Wednesday, August 27, 2008

Book maker!

OK, so not the gambling kind of book maker. The papery kind! I have been working on making a book using We just celebrated our third wedding anniversary, and so I decided that it is probably about time to make a nice photo album/memory book (use the term "scrap", and I'll be forced to violent retaliation). I've actually made this decision quite a few times before, but hopefully this time will be at least somewhat different. is a pretty cool concept, but I'm not completely feeling it for the execution. It's a bit slow, has crashed on me a few times, and doesn't give me complete control to make things look the way I want them to. At least I haven't quite found a way to make it obey my every whim. Seeing as I'm using it to make a photo book, I might just end up doing it in iPhoto. However, if I was going to make a more text-based book, I'd be all about People are making some really cool stuff, though, so I'm pretty motivated to keep trying. I have a feeling the key is most likely avoiding their templates like the plague, and going easy on the photos. I'll let you know how things turn out!

On another note, life has gotten really busy lately, and so I haven't had as much time to devote to my weekly projects. Yes, you know what's coming. I really want to keep going with this, but feel like I need some shorter projects that I can just do without intense planning and preparation. Let me know if you have any ideas!

Friday, August 22, 2008

Swimmy Swim Swimmington

The only downside to going to the gym in the mornings is that Nick never gets to come. We'd have to get up much too early for my liking to do that, and I do ever so like my bed in the mornings. To rectify this situation, Nick and I went swimming last night. Can I just say that I love to swim? I'm slow and not very good, and get self conscious about doing anything other than back- or breaststroke, but I just love being in the water. I think I like the same things about swimming that I do about yoga: it's unhurried and controlled, all you have to focus on is your breath and the movement of your body. In spite of being a lazy and self indulgent sort of person, I never turn down an opportunity to go swimming.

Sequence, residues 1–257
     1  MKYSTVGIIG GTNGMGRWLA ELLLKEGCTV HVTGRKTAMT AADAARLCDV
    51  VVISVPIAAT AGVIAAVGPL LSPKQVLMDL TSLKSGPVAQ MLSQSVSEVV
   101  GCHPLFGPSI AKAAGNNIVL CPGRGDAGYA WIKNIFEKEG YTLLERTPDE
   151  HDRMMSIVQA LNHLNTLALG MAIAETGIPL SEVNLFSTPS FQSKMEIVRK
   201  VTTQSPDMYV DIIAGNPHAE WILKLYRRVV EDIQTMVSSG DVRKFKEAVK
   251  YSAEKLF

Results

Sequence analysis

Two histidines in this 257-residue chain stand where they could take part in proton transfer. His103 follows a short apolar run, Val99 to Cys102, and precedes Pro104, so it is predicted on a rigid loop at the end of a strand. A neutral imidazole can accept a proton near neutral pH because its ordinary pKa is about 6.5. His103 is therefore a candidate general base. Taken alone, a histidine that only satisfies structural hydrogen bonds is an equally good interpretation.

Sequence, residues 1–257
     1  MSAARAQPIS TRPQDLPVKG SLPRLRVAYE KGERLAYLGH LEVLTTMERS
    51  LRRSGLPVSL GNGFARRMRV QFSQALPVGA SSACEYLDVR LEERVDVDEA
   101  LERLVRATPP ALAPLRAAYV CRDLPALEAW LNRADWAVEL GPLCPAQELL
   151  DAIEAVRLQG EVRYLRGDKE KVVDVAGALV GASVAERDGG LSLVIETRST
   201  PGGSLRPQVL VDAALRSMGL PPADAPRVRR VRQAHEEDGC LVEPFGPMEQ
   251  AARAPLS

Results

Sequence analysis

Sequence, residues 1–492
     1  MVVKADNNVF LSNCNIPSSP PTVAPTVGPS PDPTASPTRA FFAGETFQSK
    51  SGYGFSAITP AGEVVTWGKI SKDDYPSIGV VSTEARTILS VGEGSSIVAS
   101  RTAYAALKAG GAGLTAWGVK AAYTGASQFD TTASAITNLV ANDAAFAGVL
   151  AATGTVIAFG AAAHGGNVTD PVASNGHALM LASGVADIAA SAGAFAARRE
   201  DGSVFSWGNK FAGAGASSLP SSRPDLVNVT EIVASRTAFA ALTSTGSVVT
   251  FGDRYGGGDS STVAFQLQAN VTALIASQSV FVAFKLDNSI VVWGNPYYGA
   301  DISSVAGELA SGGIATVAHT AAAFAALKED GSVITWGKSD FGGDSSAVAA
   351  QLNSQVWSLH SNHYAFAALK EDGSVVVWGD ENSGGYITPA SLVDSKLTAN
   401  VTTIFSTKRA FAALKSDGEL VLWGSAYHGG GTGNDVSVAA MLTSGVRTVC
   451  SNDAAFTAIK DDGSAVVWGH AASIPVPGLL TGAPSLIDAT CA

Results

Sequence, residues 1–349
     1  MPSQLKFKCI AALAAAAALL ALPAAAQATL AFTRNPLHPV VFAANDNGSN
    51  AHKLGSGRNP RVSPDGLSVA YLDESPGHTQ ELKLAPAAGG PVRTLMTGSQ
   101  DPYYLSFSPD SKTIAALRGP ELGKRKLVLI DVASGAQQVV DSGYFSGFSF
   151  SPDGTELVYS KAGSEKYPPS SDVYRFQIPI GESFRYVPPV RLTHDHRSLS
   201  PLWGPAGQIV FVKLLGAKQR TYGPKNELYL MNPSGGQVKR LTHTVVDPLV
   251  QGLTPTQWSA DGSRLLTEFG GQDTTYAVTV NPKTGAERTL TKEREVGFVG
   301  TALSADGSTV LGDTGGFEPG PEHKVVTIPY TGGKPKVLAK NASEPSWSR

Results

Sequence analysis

Neither did anyone else in Utah valley last night, it seemed. The pool, hot tub and steam room were packed with hordes of young guys. It seems Michael Phelps has done his job as far as inspiring the youth of this nation to get wet. I've never seen so many people at the pool at 9:30 on a Thursday night! Although I suppose that might just be because I rarely go to the gym at 9:30 on any night :)
This morning Jen and I went to the gym again. I added a minute to my time on the elliptical trainer (now a whopping 11 minutes!), and did 15 minutes on the bikes. It felt good, but it was harder to get going today than it has been throughout the week. I still managed to work up a good sweat, though. After that we went to work on the weight machines. I have about zero upper body strength, so I thought I might try working on my arms today. And guess what? I have about zero upper body strength! It was seriously embarrassing how little I could lift, or how few repetitions I could do of each one. If I do keep this up, I'll have to get back to that. I mean, I might have to lift or hold something at some point, and then where would I be?
This week has felt good. I'm a little stiff and sore today, especially in my legs, but overall I feel like I've had more energy and desire to do things. We usually spend our evenings watching movies or relaxing at home, but this week we've been out and about a bit more than usual, not to mention going swimming late last night! I'm a little concerned about what I'll be able to do this weekend, though. Saturdays and Sundays fill up so fast for us, and it's important to me to keep Sunday special, but I really want to try to squeeze in some exercise so I can feel like I've done this week "right". Any ideas?